Law and the Workplace

Tag Archives: discrimination

NYC Council to Consider Series of Bills Aimed at Addressing Workplace Sexual Harassment

The New York City Council will consider a series of bills aimed at preventing and addressing workplace sexual harassment, both in the private sector and in city agencies.  The eleven bills, collectively titled the Stop Sexual Harassment in NYC Act, were jointly introduced by the Council Committee on Women and the Committee on Civil and … Continue Reading

Second Circuit Rules Sexual Orientation Discrimination Is Prohibited Under Title VII

Second Circuit sealIn an en banc decision in Zarda v. Altitude Express, Inc., the Second Circuit has become the latest federal appeals court to hold that discrimination on the basis of sexual orientation is prohibited sex discrimination under Title VII of the Civil Rights Act of 1964 (“Title VII”). Background The case involved Donald Zarda, a gay … Continue Reading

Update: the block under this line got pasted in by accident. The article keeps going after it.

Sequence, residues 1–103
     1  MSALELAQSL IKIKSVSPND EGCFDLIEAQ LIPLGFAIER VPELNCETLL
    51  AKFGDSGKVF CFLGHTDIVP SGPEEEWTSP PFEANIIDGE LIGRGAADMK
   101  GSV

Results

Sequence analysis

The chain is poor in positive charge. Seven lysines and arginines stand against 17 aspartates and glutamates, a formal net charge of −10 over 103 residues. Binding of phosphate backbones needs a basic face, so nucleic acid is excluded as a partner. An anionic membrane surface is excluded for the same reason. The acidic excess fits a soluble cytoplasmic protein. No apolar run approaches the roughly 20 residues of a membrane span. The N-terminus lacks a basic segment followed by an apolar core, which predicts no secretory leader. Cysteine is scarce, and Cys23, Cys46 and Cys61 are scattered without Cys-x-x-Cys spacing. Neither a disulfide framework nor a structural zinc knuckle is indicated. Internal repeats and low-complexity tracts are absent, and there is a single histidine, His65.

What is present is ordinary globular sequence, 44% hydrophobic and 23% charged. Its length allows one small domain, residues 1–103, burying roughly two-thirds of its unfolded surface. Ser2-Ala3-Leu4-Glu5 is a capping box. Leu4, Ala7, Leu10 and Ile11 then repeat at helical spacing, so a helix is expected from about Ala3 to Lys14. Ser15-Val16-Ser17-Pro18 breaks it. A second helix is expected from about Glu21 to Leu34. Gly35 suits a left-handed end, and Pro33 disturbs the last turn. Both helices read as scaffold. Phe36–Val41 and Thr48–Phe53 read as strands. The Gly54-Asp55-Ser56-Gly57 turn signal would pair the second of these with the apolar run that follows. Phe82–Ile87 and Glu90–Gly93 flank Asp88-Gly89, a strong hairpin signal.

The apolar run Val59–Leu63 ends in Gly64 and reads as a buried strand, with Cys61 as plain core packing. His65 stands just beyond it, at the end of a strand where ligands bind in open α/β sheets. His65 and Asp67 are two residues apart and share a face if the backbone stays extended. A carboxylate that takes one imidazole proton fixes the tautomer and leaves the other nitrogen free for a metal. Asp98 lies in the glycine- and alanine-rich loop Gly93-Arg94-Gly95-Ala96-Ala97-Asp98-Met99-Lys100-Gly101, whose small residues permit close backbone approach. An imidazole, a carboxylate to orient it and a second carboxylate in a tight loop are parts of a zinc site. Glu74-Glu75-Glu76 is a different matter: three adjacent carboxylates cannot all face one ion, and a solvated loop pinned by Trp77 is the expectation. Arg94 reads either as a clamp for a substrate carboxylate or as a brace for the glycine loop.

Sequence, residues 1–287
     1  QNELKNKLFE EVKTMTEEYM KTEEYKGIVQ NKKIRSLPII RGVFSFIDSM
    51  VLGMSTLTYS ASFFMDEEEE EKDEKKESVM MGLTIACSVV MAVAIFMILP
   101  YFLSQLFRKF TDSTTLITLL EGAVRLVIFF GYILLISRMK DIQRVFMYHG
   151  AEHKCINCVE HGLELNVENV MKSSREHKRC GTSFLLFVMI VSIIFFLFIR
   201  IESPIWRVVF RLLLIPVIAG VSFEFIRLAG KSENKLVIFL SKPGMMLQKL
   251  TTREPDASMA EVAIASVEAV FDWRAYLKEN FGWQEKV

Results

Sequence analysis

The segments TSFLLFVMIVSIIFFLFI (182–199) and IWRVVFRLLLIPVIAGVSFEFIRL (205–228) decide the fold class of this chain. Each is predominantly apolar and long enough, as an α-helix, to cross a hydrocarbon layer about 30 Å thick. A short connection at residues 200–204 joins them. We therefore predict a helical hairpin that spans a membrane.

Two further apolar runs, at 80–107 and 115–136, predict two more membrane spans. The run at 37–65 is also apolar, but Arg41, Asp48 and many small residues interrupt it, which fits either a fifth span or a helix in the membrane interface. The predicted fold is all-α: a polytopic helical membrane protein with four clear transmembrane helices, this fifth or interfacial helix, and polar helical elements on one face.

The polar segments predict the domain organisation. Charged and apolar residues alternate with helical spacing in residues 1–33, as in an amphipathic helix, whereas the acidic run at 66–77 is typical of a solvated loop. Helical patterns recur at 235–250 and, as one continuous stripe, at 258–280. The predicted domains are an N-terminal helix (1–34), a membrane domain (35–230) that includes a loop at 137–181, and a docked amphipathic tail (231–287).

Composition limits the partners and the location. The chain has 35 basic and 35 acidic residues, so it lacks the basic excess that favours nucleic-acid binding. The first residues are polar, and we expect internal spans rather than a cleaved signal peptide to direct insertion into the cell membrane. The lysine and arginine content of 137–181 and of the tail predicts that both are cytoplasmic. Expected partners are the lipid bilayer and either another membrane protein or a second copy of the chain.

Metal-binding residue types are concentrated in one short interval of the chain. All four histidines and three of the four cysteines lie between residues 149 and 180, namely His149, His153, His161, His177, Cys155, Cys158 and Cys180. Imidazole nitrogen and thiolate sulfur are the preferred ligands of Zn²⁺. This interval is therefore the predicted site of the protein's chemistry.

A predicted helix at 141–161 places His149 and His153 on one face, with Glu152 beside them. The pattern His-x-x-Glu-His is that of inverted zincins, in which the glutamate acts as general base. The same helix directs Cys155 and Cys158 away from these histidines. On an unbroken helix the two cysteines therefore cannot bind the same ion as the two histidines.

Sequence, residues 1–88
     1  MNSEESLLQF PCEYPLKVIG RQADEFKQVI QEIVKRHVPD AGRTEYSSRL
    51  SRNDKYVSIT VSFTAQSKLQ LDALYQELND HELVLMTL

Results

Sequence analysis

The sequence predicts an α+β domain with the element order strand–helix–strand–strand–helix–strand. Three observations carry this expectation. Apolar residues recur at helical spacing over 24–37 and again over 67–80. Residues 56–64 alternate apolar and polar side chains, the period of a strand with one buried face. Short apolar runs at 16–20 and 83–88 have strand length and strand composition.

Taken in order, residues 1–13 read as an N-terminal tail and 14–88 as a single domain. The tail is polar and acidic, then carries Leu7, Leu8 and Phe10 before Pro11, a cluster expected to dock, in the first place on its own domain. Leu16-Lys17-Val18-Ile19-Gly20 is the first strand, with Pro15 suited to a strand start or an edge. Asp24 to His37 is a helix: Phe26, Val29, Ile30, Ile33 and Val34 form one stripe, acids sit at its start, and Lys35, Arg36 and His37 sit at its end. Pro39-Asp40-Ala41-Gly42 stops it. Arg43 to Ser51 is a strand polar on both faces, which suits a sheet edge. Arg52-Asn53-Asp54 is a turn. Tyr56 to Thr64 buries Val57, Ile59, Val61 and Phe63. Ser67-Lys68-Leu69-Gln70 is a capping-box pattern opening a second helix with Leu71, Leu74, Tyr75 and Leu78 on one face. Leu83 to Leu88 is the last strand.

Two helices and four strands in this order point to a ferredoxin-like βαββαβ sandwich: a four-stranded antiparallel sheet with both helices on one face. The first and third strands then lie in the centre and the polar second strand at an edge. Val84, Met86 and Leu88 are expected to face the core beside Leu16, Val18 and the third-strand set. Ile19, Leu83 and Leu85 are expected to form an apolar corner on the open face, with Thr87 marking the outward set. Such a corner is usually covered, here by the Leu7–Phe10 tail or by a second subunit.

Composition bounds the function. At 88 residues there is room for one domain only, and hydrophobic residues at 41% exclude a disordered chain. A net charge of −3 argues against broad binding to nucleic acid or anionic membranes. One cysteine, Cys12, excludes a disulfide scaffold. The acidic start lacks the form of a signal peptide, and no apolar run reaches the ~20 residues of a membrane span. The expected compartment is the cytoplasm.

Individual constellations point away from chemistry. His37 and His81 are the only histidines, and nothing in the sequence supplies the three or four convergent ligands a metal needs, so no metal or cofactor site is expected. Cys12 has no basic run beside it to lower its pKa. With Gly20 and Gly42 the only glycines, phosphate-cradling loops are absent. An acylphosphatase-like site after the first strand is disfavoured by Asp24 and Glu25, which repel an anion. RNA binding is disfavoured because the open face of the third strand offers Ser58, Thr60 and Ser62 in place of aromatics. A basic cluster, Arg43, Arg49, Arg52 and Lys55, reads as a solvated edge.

Massachusetts Legislature Considers Prohibiting Mandatory Arbitration of Employment Claims

A bill prohibiting mandatory arbitration of employment-related claims, introduced in late 2017 before the Massachusetts House of Representatives, continues to gain traction in early 2018.  The bill (House Bill 4058), which proposes legislation that would prohibit enforcement of mandatory arbitration agreements “relating to a claim of discrimination, non-payment of wages or benefits, retaliation, harassment or … Continue Reading

2017 Form EEO-1 Survey Now Available

EEOC sealYesterday, the 2017 EEO-1 Survey became available.  Private employers with 100 or more employees and federal government contractors or subcontractors with 50 or more employees and a contract/subcontract of $50,000 or more must file EEO-1 reports. As you may recall, last year the U.S. Equal Employment Opportunity Commission (“EEOC”) attempted to revise the Form EEO-1 … Continue Reading

Amendment to New York City Human Rights Law Mandates Employers to Engage in “Cooperative Dialogue” with Employees Seeking an Accommodation

The New York City Council voted last month to amend the New York City Human Rights Law (“NYCHRL”) to mandate that covered entities engage in “cooperative dialogue” with those persons who may be entitled to a reasonable accommodation. On January 19, 2018, because the Mayor failed to take action within thirty days of its passage, the … Continue Reading